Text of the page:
Powered by over 10,000 volunteers, United for Care has been connecting face-to-face with individuals all across our state. The success of our grassroots campaign can be seen in our internal polls, some of which he have been released to the press, that have consistently shown high levels of support for Amendment 2 since it was placed on the ballot. The enthusiasm of our supporters is also evidenced by our army of small donors who have given whatever they can afford to ensure that sick and suffering individuals have access to the treatment their doctors recommend.
Each day that we continue to connect with patients and voters all across our state, we find that Floridians overwhelmingly agree that passing Amendment 2 is simply the right thing to do. As a campaign, we’re clearly winning the ground game and our media campaign via radio, web and television is intensifying as we approach Election Day.
Yet amid all of the untruthful attacks on Florida’s medical marijuana, it’s important to remember the facts. As the Florida Supreme Court ruled, under Amendment 2, only patients with debilitating diseases can receive a recommendation from their doctors. This could only be done after subjecting the patient to a full physical examination and reviewing his or her full medical history. As the non-partisan fact-checker PolitiFact has reaffirmed, minors won’t have access to medical marijuana without a parent or guardian.
It is reasonable to assume that the Florida Department of Health, which is required to write regulations to ensure the safety and security of Florida’s medical marijuana program upon passage of Amendment 2 (including a limit on how much medical marijuana a patient or caregiver can possess), will also develop extensive and strict requirements to prevent drug dealers from becoming medical marijuana caregivers. Department of Health regulations along with the multi-step process required in obtaining medical marijuana led to the Florida Office of Economic and Demographic Research to conclude that a “pill mill” scenario would be highly unlikely under Amendment 2.
As we get closer to November 4th we firmly believe Amendment 2 is on the path to victory on Election Day. Even though they have outspent our campaign ten to one over the last few weeks, the opponents of medical marijuana have had little success in getting voters to listen to their misleading messages. Amendment 2 is going to become law in Florida not only because Floridians are compassionate and well informed, but also because United for Care’s campaign is working.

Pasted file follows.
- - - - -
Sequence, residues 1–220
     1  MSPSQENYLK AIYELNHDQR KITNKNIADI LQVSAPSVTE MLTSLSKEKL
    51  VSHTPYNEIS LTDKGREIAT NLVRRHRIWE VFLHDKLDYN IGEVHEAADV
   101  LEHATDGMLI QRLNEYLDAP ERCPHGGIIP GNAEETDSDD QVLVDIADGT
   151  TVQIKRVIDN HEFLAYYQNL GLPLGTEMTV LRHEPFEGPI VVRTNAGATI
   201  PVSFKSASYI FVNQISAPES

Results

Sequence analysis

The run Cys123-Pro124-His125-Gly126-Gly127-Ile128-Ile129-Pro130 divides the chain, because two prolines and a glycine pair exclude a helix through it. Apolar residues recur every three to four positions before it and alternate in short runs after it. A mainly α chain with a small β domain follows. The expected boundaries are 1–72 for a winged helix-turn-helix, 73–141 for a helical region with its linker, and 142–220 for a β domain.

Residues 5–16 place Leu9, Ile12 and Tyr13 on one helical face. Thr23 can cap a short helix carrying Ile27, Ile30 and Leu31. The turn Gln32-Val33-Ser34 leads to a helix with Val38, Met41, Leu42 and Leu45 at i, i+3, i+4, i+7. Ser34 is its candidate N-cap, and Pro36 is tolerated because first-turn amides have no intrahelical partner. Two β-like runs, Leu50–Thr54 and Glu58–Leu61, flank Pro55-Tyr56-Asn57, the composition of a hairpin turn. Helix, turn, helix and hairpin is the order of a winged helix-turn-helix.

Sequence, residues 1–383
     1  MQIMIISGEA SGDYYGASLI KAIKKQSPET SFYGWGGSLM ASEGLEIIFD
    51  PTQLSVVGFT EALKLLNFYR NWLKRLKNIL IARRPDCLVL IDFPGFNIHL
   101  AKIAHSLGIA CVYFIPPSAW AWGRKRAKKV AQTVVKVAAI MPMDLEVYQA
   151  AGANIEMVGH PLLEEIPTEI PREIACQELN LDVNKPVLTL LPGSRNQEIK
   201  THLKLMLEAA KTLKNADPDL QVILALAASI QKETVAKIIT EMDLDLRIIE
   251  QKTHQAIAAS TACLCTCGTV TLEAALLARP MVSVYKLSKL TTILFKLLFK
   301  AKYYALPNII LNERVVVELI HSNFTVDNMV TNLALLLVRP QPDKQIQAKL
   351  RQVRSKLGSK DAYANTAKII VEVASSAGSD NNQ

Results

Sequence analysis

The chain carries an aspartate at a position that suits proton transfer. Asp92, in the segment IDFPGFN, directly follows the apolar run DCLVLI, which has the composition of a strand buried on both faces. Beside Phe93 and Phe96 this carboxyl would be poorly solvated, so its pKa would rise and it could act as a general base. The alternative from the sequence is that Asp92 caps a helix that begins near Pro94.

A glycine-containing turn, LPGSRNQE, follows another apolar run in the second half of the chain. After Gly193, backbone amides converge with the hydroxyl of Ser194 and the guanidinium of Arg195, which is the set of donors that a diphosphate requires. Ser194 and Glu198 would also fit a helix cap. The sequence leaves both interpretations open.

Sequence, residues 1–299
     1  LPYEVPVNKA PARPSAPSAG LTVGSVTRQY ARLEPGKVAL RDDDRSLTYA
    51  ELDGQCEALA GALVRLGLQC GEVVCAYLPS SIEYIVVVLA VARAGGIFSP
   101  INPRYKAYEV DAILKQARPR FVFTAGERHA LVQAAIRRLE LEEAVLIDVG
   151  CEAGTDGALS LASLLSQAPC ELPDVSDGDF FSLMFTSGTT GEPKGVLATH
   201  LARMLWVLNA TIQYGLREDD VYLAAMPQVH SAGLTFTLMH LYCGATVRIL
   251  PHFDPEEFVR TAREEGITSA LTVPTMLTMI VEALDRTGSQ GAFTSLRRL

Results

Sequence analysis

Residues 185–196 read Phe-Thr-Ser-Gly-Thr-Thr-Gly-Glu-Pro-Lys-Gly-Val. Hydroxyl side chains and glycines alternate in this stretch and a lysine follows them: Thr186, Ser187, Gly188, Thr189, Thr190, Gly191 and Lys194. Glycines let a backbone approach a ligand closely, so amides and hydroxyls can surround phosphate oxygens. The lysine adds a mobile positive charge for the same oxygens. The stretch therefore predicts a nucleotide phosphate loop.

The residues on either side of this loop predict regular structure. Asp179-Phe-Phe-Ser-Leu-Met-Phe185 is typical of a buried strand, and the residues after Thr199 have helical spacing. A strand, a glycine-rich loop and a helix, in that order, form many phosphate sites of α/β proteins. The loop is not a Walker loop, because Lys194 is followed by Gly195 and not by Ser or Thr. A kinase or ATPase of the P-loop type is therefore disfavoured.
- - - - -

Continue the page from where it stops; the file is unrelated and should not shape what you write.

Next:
Amendment 2 is all about compassion. People who are sick and suffering should not have to fear criminal punishment for seeking the treatment their doctors recommend. The truth is on our side and so are the voters, so make sure to cast your “YES” vote for Amendment 2, and tell all of your friends, co-workers and family members to do the same. Compassion is coming!
By: Maurizio Passariello, Communications Director, United for Care
I have a strong desire to serve and make the right changes for my community but campaigning for political office is new to me. For the past 28 years I watched Hernando County officials make decisions that were often times really bad decisions. Because of this, I felt compelled to run for office. I want the opportunity to make the right decisions, for the right reasons, that will benefit families, businesses and individuals.
I knew why I was running for office but how to effectively campaign was another matter. Being a part of the Farm Team was nothing short of incredible. The knowledge gained entirely transformed my campaign from mediocre to highly professional. It gave me the confidence to speak in front of groups as well as the media. I learned the necessary inner workings of a campaign from accounting procedures to legal disclaimers. To this day we continue to receive support and guidance toward our campaigning efforts.
The Farm Team training gave my campaign manager and I “our first and most successful opportunity to really work together as a team to make some major headway toward our plans. The confidence we walked away with after that weekend of training made all the difference in our ability to effectively campaign.”